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“Florida’s Fleet: A Boatbuilding and Fishing Legacy,” presented by Brendan Burke will be held on September 12 at 6:00 P.M.  The talk is part of the programming for the new exhibit, Thinking Small: The Amazing Miniature World of Thomas Rahner, which is a retrospective of St. Augustine resident Thomas Rahner’s small boat building skills.  Both the lecture and exhibition are free and open to the public.

The talk will be in the held in the historic Alcazar Hotel pool.  Guests may enter through the Granada Street entrance to the Cafe Alcazar, located across from the Corazon Cinema.  Doors will open at 5:30 P.M. for guests to explore Thinking Small: The Amazing Miniature World of Thomas Rahner,  which is located in the East Gallery on the Mezzanine.  The gift store will also remain open until 6:00 P.M.

Seating is limited and registration is encouraged.  Guests may register to attend the event HERE!

“Shrimping and the building of shrimp boats is uniquely St. Augustine.” Burke stated, “It’s just in our blood and, I argue, is the most impactful chapter in our maritime history to date.”

Mr. Burke became interested in the topic in 2008 after Tropical Storm Fay, which demolished the last boatbuilding barn in town.  Working with Ed Long, a lifetime mariner and boatbuilder, they published Shrimp Boat City, a book that documents the rise, growth, and demise of trawler building in St. Augustine.  “Trawlers built in St. Augustine served almost every saltwater fishery in the world, Burke continues, “it’s a testament to the loyalty fishermen had, and have, for St. Augustine-built trawlers.”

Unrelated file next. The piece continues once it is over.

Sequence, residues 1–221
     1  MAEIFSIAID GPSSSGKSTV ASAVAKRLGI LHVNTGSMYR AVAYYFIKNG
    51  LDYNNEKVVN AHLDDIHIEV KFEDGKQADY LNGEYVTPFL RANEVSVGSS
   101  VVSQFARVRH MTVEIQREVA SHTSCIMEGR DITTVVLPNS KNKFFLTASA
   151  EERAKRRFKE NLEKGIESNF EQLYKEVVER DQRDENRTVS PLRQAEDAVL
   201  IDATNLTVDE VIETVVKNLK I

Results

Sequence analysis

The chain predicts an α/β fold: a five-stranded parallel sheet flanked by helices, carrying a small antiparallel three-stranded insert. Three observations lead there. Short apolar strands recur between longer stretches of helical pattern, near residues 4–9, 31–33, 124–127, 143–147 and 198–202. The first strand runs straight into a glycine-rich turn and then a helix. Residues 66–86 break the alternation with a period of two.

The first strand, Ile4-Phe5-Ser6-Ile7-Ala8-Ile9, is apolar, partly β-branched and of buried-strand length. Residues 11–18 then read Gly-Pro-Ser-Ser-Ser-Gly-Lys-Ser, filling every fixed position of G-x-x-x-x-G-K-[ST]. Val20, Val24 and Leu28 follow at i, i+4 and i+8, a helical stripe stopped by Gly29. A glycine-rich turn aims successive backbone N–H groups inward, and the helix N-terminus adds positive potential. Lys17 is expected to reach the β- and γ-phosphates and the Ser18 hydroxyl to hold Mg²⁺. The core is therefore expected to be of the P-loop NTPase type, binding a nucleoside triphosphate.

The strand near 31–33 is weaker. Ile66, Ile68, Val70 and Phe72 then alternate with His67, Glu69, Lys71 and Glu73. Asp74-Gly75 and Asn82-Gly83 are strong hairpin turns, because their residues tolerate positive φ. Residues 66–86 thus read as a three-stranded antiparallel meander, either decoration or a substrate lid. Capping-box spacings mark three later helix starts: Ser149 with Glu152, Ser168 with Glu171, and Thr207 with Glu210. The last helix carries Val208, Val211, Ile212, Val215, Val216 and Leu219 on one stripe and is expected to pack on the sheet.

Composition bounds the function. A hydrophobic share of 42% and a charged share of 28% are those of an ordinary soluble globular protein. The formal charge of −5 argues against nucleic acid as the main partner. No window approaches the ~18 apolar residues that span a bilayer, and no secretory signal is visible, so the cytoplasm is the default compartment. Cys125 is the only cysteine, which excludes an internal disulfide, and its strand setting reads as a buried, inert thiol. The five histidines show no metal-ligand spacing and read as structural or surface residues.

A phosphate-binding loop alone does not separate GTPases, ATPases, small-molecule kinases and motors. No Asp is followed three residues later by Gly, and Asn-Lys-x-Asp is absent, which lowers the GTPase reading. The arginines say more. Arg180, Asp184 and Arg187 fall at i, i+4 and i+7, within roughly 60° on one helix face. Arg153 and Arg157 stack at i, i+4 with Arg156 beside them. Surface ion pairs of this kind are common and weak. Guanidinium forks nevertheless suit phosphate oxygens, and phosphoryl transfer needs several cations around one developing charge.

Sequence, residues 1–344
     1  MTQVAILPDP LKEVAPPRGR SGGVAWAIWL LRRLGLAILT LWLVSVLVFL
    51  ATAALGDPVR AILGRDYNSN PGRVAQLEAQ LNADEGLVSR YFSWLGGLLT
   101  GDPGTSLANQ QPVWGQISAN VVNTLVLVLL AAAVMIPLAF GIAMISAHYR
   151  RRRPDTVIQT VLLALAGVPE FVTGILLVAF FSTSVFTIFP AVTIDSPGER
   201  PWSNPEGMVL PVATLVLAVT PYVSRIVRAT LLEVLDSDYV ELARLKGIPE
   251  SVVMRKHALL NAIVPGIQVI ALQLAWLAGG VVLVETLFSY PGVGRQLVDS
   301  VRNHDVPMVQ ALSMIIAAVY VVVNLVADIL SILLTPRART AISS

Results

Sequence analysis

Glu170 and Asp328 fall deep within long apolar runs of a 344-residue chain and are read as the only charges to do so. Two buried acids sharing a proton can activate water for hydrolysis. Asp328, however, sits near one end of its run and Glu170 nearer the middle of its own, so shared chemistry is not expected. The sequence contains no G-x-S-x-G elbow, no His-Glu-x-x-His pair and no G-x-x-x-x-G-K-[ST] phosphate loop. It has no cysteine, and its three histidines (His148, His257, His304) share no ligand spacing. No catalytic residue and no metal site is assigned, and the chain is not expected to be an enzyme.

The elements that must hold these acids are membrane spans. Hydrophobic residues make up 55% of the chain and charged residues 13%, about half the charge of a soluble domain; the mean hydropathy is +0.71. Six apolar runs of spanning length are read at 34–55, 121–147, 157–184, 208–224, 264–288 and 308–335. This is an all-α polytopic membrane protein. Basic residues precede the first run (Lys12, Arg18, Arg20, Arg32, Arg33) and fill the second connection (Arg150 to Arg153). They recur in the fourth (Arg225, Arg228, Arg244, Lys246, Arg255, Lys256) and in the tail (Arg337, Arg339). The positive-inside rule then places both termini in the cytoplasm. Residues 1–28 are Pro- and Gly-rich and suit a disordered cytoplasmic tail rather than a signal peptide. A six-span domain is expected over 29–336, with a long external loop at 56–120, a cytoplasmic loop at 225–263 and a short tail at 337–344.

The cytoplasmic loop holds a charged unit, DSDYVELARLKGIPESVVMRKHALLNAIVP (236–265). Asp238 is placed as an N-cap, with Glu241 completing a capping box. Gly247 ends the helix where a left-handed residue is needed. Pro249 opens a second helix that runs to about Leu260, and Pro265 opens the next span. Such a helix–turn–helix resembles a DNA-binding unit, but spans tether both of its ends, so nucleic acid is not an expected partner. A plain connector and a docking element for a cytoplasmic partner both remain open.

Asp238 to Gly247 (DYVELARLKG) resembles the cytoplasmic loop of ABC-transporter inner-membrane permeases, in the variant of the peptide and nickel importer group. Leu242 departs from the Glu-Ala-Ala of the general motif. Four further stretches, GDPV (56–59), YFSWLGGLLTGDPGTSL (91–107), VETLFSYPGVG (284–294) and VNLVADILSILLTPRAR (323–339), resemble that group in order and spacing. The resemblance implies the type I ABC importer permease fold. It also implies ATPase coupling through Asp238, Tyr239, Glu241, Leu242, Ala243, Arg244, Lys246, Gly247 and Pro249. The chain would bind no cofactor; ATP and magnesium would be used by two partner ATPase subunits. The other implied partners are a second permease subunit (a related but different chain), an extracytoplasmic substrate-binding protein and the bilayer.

Light snacks will be available, as well as drinks by donation.   

Thinking Small opens on Thursday, August 30 and will be free to view by the public from 11:00 A.M. to 4:00 P.M. by entering through the Cafe Alcazar doors.


The Lightner Museum is a non-profit cultural institution sustained by the generous support of individuals, businesses and sponsors.  Donations are appreciated.


“Florida’s Fleet: Boat-building and Fishing Legacy from the First Coast” is funded in part by the Tourist Development Council of St. Johns County.